In this case, the ALJ found that plaintiff had the RFC to: perform a wide range of unskilled light and sedentary work that does not require writing or reading in English. The claimant is able to understand and follow verbal directions. The claimant is precluded from activities that require overhead use of the right arm. She could use her right upper extremity for occasional reaching, grasping, and fine manipulation. The claimant is able to sit for six hours in an eight hour workday with normal breaks and stand and/or walk for six hours in an eight hour workday with normal breaks. She must be able to change positions as needed throughout the day . (T. 24).

As previously discussed, the ALJ failed to properly assess plaintiff's credibility. Accordingly, the Court finds that the record lacks substantial evidence to support the ALJ's assessment of plaintiff's RFC.*fn20 Therefore, the Court remands this matter for an analysis of plaintiff's RFC in accordance with the Regulations.

C. Vocational Expert

Plaintiff argues that the ALJ's failure to properly assess plaintiff's RFC rendered the vocational expert's testimony "incomplete". (Dkt. No. 7, p. 12). The Commissioner argues that the hypothetical presented to the ALJ was complete and supported by substantial evidence. (Dkt. No. 11, p. 12-13).

At the fifth step of the sequential evaluation of disability, the Commissioner bears the responsibility of proving that plaintiff is capable of performing other jobs existing in significant numbers in the national economy in light of plaintiff's residual functional capacity, age, education, and past relevant work. 20 C.F.R. §§ 416.920, 416.960. Ordinarily, the Commissioner meets his burden at this step "by resorting to the applicable medical vocational guidelines (the grids), 20 C.F.R. Pt. 404, Subpt. P, App. 2 (1986)." Bapp v. Bowen, 802 F.2d 601, 604 (2d Cir. 1986). Sole reliance on the grids is inappropriate where the guidelines fail to describe the full extent of a claimant's limitations. Id. at 606. For example, use of the grids as the exclusive framework for making a disability determination may be precluded where plaintiff's physical limitations are combined with non-exertional impairments which further limit the range of work she can perform. Pratts v. Chater, 94 F.3d 34, 39 (2d Cir. 1996). In these circumstances, the Commissioner must "introduce the testimony of a vocational expert (or other similar evidence) that jobs exist in the economy which claimant can obtain and perform." Bapp, 802 F.2d at 603; see also Melchior v. Apfel, 15 F. Supp. 2d 215, 58 (N.D.N.Y. 1998) (stating "where non-exertional limitations significantly diminish the ability to perform a full range of work, it is appropriate that the ALJ present testimony from a vocational expert").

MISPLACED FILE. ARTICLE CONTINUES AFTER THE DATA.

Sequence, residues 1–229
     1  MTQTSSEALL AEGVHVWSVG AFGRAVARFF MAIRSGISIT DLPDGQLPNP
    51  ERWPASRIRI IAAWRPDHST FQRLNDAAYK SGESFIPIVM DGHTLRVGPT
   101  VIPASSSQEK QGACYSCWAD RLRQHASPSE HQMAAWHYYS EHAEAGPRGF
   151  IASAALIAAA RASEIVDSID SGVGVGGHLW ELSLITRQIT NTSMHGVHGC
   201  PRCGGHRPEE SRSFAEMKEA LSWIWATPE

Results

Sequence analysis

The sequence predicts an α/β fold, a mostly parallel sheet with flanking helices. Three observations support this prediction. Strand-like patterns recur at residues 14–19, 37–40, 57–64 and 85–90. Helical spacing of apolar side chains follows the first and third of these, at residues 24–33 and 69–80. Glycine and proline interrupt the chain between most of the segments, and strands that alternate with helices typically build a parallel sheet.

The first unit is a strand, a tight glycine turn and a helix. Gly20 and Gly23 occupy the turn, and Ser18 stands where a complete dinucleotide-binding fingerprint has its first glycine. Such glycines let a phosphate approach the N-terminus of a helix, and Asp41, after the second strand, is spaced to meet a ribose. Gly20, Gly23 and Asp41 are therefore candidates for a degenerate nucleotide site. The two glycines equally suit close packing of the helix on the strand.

A hypothetical question that does not present the full extent of a claimant's impairments cannot provide a sound basis for vocational expert testimony. Bosmond v. Apfel, 1998 WL 851508, at *8 (S.D.N.Y. 1998) (citation omitted); see also De Leon v. Secretary, 734 F.2d 930, 935 (2d Cir. 1984). If a hypothetical question does not include all of a claimant's impairments, limitations and restrictions, or is otherwise inadequate, a vocational expert's response cannot constitute substantial evidence to support a conclusion of no disability. Melligan v. Chater, 1996 WL 1015417, at *8 (W.D.N.Y. 1996).

As discussed above, the ALJ failed to properly analyze plaintiff's credibility. Therefore, the record lacks substantial evidence to support the ALJ's assessment of plaintiff's RFC.

Consequently, the hypothetical questions posed to the vocational expert was not supported by substantial evidence and the ALJ erred when he relied upon the expert's response. See Aubeuf v. Schweiker, 649 F.2d 107, 114 (2d Cir. 1981) (stating that testimony of a vocational expert is only useful if it addresses the particular limitations of the claimant).


For the foregoing reasons, it is hereby

ORDERED that the decision denying disability benefits be REVERSED and this matter be REMANDED to the Commissioner, pursuant to 42 U.S.C. § 405(g) for further proceedings consistent with the above; and it is further

ORDERED that pursuant to General Order # 32, the parties are advised that the referral to a Magistrate Judge as provided for under Local Rule 72.3 has been RESCINDED, as such, any appeal taken from this Order will be to the Court of Appeals for the Second Circuit; and it is further

ORDERED that the Clerk of Court enter judgment in this case.